Note: Where available, the PDF/Word icon below is provided to view the complete and fully formatted document
"Quality Assurance" Mechanism No Substitute for incentives



Download PDFDownload PDF

P A R L I A ME NT OF A U STR A LI A H O U S E OF R E P R E S E N T A T I V E S

*

9

DR DAVID KEMP M.P. MEMBER FOR GOLDSTEIN SHADOW MINISTER FOR EDUCATION

368 Centre Road, Bentleigh, Vic. 3204 Tel: (03) 557 4644 Fax: (03) 557 2906

MEDIA RELEASE 9 NOVEMBER 1992

"QUALITY ASSURANCE" MECHANISM NO SUBSTITUTE FOR INCENTIVES

The dominant pressures within the Government's Unified National System of universities are for uniformity, mediocrity and continuing downward pressure on standards.

The so-called "Quality Assurance" mechanism announced by the Minister for Higher Education and Employment Services today is an admission that the bureaucratically controlled Unified National System of universities does not have adequate built-in incentives for quality.

The Government is effectively saying that without a new committee its system cannot assure quality.

The proposal for the mechanism is hopelessly confused and contradictory as the Minister tries to reconcile a new central control mechanism with institutional autonomy. ■ , /

Despite the double talk, the new mechanism is yet another invasion of institutional autonomy and yet another significant pressure for uniformity.

On the one hand the Government states that "it is for institutions to determine their mission, to define what they mean by quality and standards of performance against their own objectives", while on the other hand it asserts that "only those institutions with a better than adequate performance, and able to demonstrate it, will be rewarded with funding’from the $80.5 million supplement". The Government wants to come down heavily on both sides of the fence at the same time.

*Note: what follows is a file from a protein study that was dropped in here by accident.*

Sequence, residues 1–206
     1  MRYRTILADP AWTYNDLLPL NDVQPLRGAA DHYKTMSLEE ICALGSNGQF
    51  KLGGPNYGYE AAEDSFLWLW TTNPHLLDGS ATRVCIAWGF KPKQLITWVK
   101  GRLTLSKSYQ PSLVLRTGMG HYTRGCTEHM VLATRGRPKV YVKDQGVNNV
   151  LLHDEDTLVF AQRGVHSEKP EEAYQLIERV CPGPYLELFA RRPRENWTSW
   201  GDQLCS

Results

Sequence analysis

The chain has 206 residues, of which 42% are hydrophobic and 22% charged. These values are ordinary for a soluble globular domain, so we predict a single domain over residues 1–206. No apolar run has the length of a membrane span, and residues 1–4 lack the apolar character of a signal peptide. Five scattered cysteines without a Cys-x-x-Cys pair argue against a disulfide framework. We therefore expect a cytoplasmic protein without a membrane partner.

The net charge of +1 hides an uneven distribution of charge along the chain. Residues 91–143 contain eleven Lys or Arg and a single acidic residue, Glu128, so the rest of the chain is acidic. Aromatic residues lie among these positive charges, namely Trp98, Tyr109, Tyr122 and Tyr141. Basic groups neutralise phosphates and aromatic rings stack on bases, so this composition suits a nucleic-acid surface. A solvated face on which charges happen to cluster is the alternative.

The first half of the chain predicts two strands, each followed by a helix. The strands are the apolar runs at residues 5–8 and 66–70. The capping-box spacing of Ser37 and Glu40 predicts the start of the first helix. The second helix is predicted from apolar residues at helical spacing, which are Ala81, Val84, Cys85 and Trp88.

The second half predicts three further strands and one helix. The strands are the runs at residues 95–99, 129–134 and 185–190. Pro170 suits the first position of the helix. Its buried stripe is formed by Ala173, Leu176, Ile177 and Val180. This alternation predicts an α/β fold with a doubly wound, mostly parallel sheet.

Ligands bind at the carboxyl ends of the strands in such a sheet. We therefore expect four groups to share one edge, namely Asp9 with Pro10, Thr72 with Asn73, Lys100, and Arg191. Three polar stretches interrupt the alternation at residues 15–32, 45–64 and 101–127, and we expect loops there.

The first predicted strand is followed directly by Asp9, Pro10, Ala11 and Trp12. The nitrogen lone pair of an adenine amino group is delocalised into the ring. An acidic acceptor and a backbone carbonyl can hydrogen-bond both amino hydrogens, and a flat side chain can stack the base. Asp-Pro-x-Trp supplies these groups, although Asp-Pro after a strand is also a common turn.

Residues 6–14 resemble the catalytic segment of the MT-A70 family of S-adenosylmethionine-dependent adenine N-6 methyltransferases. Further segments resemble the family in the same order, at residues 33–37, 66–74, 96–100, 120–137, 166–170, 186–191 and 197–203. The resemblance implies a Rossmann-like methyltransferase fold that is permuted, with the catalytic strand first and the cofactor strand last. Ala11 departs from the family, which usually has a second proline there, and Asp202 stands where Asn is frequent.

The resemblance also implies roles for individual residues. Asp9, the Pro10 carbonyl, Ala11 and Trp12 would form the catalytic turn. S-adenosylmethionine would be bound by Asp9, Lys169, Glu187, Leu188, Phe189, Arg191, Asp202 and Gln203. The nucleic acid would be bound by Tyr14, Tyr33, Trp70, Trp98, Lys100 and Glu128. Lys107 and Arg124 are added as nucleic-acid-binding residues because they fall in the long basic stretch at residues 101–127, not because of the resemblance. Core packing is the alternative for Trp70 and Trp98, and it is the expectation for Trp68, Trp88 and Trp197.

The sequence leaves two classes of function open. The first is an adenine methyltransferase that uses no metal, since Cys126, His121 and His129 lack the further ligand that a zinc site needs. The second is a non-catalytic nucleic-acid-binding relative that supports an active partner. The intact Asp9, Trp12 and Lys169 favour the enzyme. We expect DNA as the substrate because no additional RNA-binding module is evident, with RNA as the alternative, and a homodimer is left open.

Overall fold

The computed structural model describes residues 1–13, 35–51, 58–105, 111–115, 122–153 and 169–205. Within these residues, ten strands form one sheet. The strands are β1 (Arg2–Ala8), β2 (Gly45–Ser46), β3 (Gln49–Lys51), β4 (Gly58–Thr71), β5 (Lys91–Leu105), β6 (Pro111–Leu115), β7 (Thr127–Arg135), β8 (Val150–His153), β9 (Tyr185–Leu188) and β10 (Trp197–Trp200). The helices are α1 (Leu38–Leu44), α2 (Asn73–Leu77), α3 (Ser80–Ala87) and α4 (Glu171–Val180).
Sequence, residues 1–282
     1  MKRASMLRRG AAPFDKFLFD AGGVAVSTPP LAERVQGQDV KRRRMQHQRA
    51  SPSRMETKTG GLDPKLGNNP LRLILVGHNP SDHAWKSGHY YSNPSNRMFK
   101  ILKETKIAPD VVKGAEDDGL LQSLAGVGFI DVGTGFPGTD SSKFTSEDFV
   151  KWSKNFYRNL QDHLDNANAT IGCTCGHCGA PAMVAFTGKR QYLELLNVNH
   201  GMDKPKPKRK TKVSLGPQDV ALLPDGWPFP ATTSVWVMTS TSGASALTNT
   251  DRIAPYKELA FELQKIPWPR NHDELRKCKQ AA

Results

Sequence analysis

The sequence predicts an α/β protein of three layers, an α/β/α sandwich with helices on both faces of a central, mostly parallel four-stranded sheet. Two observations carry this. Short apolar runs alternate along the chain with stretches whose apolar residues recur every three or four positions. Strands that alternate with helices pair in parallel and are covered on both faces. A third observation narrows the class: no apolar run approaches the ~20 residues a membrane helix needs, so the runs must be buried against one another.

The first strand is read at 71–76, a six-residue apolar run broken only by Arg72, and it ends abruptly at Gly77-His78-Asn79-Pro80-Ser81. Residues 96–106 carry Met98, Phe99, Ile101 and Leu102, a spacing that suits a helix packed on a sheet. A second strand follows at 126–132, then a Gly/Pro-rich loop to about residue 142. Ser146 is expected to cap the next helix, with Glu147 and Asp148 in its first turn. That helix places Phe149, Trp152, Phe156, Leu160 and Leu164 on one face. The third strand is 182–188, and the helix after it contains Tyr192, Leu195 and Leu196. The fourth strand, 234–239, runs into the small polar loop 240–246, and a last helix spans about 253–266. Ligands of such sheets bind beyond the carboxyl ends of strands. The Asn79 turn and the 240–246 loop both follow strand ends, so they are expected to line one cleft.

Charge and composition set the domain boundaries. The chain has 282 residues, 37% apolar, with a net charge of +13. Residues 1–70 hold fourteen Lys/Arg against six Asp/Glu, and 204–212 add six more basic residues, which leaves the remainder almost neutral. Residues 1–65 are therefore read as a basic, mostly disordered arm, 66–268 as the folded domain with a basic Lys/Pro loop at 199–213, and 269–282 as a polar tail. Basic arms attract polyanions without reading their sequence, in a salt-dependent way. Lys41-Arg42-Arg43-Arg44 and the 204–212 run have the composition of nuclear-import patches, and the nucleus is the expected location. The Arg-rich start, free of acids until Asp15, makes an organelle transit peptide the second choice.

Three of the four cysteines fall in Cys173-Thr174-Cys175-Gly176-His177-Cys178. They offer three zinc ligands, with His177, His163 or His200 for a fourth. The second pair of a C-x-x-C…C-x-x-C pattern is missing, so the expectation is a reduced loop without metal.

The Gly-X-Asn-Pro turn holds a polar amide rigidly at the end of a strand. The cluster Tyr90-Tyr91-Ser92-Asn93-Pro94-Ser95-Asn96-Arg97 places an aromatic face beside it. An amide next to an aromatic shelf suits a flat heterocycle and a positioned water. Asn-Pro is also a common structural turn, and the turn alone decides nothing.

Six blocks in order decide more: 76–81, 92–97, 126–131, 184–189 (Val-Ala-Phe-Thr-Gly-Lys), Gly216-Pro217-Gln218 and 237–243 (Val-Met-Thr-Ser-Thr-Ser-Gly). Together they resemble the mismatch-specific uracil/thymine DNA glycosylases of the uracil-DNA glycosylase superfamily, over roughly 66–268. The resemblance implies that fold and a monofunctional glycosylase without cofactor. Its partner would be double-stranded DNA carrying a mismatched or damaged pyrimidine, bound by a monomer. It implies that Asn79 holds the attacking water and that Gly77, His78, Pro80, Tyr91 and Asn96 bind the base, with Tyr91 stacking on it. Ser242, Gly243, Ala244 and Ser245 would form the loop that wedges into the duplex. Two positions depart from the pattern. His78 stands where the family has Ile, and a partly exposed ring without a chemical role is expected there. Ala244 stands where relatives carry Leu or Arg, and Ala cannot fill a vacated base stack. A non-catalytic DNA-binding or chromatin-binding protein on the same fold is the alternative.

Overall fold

One thing is obvious. The new mechanism will not work.

How can a committee decide which universities are best utilising their resources?

COMMONWEALTH

PARLIAMENTARY LIBRARY MICAH

< A X R L R R A OF? K Pv P ι γ Ι μ π Η'ΠΙ Η<υι-ο·. (’nnivrra A (VI ‘J6')0 T '1!' 06 ■ 277 203 ; ) F a x ' <06 2 > > >* 5 < 6

- 2 -

It is obvious that some outcomes of education and research are more easily measured than others. Even the Government's own Higher Education Council concluded that no single measure of quality was possible. Quality will always have to be judged in terms of the diversity of objectives of the universities and "stakeholders".

Professor Peter Karmel summed up the problems with the Government's proposal, and with its associated push for competency based training, in his Sir Robert Menzies Oration (28 October):

"They ignore the reality that the process of university education is itself a purpose of universities: the process is an outcome. Worse, they attempt to standardise outcomes. Thus they favour past practice rather than future possibilities. They fail to appreciate the complexity of universities in their activities and objectives; they ignore that scholarship and research flourish where academics have substantial autonomy in deciding what each teaches and

studies; they disregard the as yet unknown problems of an uncertain future."

The difficulties of determining relative quality are likely to lead in the end to resources being distributed widely through the system, so that even within the scheme's own terms, little will be achieved.

The proposal is a nonsense, but it is all the Government has to offer to answer charges that its central regulation of the university system is undermining quality.

It is an answer that will not be believed.

Further information : Richard Ellis (03) 277 2037